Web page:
A roundup of some of The Imprint’s most impactful stories from the past year
Ten years ago, Nassau County, New York embarked on a child welfare experiment. It hoped that stripping race information out of case information used at foster care removal meetings could at least partially correct the massive overrepresentation of Black children in the county’s custody.
The data in Nassau is far from conclusive. But interest in the concept has spread: There is still talk of expanding the color-blind removal process statewide in New York, and several other cities and states are considering a test of the process in the near future.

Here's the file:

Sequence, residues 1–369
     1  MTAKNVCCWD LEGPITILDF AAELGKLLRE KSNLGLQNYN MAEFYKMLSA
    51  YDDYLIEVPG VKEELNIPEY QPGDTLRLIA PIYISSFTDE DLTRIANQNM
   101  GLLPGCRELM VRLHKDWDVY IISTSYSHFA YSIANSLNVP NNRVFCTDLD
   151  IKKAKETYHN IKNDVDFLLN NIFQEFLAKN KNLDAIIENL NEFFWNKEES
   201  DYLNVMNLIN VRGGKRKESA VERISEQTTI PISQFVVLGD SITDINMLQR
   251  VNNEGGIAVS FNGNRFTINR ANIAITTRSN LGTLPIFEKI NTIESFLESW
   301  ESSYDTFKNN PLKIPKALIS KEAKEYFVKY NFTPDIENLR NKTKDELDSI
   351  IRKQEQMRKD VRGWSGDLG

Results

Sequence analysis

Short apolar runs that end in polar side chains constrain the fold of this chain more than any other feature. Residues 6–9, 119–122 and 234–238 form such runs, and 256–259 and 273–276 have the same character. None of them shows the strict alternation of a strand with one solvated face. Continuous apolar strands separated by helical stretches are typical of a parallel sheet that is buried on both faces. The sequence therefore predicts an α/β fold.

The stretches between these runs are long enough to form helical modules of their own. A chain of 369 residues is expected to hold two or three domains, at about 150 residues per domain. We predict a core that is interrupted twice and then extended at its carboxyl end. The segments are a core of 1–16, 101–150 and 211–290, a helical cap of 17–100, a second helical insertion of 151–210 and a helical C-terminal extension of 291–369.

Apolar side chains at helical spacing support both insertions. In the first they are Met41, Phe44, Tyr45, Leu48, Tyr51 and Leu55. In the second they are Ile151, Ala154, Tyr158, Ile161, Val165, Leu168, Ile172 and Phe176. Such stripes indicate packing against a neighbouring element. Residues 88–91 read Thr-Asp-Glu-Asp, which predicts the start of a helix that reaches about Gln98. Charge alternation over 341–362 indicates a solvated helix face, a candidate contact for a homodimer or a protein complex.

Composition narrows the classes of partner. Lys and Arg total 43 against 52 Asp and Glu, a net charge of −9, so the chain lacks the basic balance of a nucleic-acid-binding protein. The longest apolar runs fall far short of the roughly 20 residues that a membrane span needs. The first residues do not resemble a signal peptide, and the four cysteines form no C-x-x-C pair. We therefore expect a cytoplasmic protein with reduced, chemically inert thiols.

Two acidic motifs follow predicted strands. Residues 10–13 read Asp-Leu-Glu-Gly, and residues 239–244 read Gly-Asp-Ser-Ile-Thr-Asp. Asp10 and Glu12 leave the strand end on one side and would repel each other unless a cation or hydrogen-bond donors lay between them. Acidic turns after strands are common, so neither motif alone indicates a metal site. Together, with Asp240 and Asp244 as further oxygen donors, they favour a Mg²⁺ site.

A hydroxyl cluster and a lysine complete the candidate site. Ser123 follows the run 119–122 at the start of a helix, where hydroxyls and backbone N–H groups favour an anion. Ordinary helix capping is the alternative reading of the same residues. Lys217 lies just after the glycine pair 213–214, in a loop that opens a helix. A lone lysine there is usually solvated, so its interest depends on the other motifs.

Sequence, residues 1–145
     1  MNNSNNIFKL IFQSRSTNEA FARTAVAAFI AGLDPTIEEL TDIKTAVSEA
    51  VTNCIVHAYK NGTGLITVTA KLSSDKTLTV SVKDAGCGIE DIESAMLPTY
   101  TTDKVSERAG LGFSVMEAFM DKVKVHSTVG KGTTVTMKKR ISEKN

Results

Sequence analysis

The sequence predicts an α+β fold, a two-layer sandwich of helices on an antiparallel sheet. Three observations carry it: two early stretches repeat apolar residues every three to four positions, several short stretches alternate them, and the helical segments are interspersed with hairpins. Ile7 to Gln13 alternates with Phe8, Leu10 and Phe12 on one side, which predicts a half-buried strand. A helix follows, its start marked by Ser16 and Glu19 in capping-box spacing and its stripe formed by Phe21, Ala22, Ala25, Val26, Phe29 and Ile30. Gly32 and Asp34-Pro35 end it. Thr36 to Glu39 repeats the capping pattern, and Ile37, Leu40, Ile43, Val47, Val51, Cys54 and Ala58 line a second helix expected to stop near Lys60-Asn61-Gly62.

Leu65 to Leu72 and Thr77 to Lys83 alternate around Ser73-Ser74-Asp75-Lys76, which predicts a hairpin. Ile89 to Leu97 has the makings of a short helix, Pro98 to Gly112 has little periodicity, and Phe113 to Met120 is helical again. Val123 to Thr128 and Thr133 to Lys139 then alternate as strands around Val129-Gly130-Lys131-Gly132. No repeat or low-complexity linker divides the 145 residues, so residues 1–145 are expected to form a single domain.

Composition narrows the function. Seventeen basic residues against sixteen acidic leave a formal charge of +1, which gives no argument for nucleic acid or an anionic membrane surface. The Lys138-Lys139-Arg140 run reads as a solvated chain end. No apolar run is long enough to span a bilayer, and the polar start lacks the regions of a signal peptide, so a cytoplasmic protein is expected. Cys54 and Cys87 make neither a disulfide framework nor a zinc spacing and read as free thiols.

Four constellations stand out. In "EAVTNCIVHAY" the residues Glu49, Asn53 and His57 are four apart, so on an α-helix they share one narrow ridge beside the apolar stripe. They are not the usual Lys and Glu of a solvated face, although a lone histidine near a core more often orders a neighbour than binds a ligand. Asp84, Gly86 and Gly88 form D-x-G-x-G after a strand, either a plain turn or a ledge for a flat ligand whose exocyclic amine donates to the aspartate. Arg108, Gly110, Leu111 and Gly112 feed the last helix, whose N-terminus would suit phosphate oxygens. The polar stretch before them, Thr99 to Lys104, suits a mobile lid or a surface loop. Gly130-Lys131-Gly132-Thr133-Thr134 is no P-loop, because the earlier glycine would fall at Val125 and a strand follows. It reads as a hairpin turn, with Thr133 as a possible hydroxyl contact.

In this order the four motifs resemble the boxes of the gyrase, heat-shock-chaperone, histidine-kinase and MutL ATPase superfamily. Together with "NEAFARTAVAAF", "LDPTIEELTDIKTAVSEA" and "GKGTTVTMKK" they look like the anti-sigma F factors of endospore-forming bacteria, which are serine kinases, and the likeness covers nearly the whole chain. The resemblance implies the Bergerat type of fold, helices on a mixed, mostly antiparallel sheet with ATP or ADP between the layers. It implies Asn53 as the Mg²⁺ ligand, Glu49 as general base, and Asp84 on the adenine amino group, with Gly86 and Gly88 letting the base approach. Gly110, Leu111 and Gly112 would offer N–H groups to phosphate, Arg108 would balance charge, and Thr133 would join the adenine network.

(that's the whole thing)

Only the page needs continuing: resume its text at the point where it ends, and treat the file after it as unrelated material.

Driven by evidence that child welfare decision-makers judge parents of color more harshly and are more likely to remove their children, there is growing interest in a program that proposes to weed out racial bias when social workers weighing allegations of abuse and neglect decide whether to remove a child from their parents.
Over the spring, California decided to put a hold on plans to test blind removals statewide.
Two months later, Los Angeles leaders agreed to give the process a try, starting with one county as a test case.